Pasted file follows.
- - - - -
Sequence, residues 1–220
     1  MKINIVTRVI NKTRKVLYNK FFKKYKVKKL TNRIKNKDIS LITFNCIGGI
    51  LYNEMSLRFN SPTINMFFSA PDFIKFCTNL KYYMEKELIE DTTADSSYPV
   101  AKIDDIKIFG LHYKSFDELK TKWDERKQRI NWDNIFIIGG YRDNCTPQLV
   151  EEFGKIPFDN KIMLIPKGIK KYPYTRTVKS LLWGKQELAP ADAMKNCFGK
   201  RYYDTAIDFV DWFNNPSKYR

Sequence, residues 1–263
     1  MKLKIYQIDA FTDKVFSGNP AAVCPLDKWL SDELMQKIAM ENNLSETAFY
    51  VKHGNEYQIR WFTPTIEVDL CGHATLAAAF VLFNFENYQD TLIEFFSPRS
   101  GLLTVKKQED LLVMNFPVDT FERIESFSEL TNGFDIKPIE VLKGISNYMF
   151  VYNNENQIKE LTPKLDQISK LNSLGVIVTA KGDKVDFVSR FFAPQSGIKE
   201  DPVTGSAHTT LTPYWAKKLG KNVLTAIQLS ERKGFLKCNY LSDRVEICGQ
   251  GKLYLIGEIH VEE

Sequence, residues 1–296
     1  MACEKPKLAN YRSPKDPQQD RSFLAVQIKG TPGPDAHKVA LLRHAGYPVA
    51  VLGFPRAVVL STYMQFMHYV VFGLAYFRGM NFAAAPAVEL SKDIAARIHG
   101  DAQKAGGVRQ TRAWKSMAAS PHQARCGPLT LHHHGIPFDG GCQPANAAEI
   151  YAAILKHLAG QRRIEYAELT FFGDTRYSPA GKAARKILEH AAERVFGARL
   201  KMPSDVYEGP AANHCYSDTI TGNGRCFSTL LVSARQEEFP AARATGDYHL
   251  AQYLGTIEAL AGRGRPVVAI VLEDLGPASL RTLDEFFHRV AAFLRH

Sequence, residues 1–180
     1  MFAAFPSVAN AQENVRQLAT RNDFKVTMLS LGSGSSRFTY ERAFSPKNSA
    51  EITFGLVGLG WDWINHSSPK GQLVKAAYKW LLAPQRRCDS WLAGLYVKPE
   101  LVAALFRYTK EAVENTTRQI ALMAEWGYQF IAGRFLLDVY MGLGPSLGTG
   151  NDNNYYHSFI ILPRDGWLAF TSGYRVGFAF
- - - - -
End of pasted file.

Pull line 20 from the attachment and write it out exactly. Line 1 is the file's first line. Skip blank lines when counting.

   251  AQYLGTIEAL AGRGRPVVAI VLEDLGPASL RTLDEFFHRV AAFLRH